The number of children passing through homelessness will only shrink when communities decide to do everything in their power to eliminate family homelessness within their precincts. Some places like Fairfax, Virginia or Trenton, New Jersey are already doing so, putting “best practice” programs in place to prevent families from becoming homeless, and rapidly rehousing them if they do, but in most of our cities and towns the standard set by Donald Trump and Hillary Clinton—total silence on the subject—remains in place.

Schweid_Invisible Nation - Author Photo 1


Richard Schweid is a journalist and documentary reporter. He is the author of nine nonfiction books, including Che’s Chevrolet, Fidel’s Oldsmobile: On the Road in CubaHot Peppers: The Story of Cajuns and CapsicumConsider the Eel: A Natural and Gastronomic History, and The Cockroach Papers: A Compendium of History and Lore. He has also produced or reported more than two dozen documentaries for Catalonian public television, including the Oscar-nominated Balseros.

How Donald Trump’s “Locker-Room Talk” Perpetuates Sexual Violence Against Women

By Jerry Flores, author of Caught Up: Girls, Surveillance, and Wraparound Incarceration

This guest post is published in advance of the American Society of Criminology conference in New Orleans. Check back every week for new posts through the end of the conference on November 19th. #ASC2016 #Election2016

Recently, a video of presidential candidate Donald Trump making sexist, lewd, and offensive comments about women flooded media coverage. In the video, Trump can be heard saying, “I just start kissing them [women]. Just kiss—I don’t even wait. And when you are a star they let you do it. You can do anything. Whatever you want. Grab them by the pussy. Whatever you want.” A reporter laughed aloud at these statements.

“Locker-Room Talk”

After the release of this video a slew of women have come forward with allegations of sexual misconduct on the part of Mr. Trump. Even more problematic is that videos and quotes have also emerged. With this new information the resounding theme of the hyper-sexualization of women, the use of sexist language and the objectification of women’s bodies are exceedingly clear. In response, Trump apologized and referred to this type of language as “locker-room talk.” He also affirmed that he holds the utmost respect for women. Despite these statements, Mr. Trump’s discussion of women reflects the larger hyper-sexualization of women in a patriarchal society that largely ignores this type of sexual misconduct. There is no place where this is more painfully apparent than in the narratives of marginalized young women (especially women of color) featured in my book Caught Up.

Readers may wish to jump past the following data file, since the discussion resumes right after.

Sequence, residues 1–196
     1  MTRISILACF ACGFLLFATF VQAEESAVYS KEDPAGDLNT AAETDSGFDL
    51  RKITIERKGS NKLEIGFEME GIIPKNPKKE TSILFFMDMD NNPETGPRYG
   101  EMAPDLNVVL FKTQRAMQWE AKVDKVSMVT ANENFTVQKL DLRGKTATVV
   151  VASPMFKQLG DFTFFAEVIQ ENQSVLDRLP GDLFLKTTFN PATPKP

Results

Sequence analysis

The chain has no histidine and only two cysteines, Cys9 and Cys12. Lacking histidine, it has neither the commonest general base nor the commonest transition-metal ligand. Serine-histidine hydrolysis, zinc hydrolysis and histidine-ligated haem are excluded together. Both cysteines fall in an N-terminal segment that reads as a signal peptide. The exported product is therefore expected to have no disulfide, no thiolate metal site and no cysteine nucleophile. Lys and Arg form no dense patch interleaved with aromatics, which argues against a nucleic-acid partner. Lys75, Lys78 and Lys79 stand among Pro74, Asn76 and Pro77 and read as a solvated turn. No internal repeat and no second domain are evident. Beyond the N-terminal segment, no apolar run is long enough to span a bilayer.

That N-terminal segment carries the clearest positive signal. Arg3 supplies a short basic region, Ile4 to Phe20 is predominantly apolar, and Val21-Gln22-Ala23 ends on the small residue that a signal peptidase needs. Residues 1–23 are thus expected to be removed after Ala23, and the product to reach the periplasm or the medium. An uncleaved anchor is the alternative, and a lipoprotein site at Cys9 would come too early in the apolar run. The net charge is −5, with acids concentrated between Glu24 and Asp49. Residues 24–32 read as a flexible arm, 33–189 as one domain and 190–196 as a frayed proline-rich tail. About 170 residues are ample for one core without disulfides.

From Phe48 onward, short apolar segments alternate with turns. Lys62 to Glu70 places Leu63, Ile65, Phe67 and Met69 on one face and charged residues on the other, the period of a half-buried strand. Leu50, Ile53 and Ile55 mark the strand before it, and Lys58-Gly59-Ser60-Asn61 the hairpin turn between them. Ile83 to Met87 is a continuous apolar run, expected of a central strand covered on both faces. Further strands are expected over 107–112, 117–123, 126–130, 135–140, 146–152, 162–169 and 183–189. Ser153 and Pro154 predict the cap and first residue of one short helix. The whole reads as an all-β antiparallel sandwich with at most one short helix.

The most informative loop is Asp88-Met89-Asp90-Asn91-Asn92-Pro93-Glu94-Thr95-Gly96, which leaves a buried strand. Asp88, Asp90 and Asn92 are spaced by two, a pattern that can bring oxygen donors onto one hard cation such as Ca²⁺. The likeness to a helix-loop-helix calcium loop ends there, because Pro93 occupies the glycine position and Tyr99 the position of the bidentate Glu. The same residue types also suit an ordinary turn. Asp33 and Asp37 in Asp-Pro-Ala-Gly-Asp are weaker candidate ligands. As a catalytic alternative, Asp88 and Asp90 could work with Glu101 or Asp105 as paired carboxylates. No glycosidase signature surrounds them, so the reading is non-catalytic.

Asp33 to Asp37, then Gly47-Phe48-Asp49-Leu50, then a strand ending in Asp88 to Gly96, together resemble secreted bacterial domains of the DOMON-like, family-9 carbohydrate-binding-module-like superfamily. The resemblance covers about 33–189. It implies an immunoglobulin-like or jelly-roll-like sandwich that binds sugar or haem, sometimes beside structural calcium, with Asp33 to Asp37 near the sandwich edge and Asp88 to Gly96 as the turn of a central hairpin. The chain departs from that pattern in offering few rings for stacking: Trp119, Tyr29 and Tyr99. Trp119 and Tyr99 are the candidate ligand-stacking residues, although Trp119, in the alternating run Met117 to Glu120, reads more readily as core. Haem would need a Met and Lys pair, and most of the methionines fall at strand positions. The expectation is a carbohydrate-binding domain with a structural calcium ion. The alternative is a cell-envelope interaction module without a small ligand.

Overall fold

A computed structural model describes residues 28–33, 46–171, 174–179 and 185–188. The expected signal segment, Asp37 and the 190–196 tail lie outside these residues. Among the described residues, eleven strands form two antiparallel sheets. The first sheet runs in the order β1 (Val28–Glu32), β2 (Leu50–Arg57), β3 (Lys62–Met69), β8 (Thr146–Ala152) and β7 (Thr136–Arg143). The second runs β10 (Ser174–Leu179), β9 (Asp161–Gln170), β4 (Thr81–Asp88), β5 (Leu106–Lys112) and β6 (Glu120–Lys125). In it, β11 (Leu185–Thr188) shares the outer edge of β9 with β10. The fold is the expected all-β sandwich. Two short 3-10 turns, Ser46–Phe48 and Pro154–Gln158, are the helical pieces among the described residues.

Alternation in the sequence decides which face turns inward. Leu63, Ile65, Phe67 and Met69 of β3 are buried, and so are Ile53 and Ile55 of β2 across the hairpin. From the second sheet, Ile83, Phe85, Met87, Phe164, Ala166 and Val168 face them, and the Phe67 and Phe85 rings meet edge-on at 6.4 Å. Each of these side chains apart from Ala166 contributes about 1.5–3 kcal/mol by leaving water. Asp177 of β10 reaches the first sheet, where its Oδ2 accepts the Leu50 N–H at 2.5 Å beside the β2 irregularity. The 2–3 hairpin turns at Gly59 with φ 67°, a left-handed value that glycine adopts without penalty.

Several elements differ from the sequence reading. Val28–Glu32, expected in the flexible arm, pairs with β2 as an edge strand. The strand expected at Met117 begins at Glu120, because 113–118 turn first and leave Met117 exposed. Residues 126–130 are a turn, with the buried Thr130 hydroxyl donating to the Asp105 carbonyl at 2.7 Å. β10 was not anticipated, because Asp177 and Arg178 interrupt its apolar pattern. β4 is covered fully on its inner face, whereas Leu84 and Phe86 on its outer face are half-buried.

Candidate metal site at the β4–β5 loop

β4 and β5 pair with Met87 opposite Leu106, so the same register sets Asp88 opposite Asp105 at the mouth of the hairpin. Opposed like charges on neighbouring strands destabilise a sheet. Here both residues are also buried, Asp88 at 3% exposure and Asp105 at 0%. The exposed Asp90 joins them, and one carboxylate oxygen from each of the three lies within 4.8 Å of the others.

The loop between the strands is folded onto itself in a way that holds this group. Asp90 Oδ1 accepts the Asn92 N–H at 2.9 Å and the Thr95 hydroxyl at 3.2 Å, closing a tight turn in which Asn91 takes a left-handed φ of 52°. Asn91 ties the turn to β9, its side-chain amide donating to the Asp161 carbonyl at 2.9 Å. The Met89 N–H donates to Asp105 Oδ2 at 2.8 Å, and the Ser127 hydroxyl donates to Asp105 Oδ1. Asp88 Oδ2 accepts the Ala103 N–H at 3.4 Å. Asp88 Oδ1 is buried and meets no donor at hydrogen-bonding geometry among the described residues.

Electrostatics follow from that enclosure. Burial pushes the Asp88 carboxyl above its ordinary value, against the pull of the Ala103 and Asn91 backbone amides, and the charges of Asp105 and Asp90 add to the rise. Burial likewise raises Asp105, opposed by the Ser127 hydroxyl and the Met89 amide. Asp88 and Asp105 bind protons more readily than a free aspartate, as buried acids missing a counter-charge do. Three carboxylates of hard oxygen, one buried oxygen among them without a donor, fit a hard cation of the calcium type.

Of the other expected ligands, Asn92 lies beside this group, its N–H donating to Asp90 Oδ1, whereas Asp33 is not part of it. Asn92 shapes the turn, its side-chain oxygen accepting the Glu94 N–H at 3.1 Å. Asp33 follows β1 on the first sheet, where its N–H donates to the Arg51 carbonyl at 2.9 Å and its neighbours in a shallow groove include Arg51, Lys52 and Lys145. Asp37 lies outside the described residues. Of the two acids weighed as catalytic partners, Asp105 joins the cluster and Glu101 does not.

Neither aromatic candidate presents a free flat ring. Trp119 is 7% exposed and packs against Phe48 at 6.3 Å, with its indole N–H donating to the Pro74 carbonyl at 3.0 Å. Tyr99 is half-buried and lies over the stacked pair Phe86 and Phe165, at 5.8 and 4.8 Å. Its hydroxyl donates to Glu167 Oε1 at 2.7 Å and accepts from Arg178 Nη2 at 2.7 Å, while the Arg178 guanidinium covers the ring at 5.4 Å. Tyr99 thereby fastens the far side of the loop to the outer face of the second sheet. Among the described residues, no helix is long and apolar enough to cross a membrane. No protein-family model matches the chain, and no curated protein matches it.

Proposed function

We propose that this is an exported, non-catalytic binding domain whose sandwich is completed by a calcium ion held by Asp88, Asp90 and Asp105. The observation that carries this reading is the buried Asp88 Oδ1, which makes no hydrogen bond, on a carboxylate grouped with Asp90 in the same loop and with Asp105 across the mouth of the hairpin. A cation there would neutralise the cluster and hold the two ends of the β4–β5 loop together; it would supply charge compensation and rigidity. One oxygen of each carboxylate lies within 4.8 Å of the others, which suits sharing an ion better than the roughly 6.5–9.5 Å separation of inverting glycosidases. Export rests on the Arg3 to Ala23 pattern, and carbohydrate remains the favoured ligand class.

Sexual Abuse at the Hands of Those We Trust

In this book, I address how the schools and detention centers in Southern California are collectively punishing young Latina girls in new and dynamic ways. For this project, I interviewed over 30 young women and included twenty more via group interviews or ethnographic fieldwork. The ubiquitous sexual abuse of young women was the largest and most pervasive theme I heard during my two years of research. Interview after interview, I heard young women recount instances of this type of abuse at the hands of immediate and distant family, neighbors, students at school, current and ex-romantic partners, institutional actors, priests, human traffickers or by complete strangers.

Another major theme in my research was the relative impunity with which these men continually victimized the young people in my study. From stories of gang sexual assault at the hands of boys told by “Feliz” or stories of being molested by multiple neighbors over the course of various years like “Ray,” sexual violence was ubiquitous in the lives of young women.


Additionally, while local, state and federal governments always seemed to have the resources to punish young women, they often lacked the ability to provide resources to help youth cope with their prior and current sexual assault. As a person who is concerned with the well being of these young women, my wife, mother, cousins, and all women, I wonder how Trump’s type of “locker-room talk” emboldens and perpetuates the ongoing assault and abuse of young women, and rape culture as a whole. I also wonder what message it sends to men of all ages when they hear how Mr. Trump has allegedly victimized so many women and gotten away with it. This is even more shocking since Donald Trump is a presidential candidate that has the support of large segments of the U.S. population.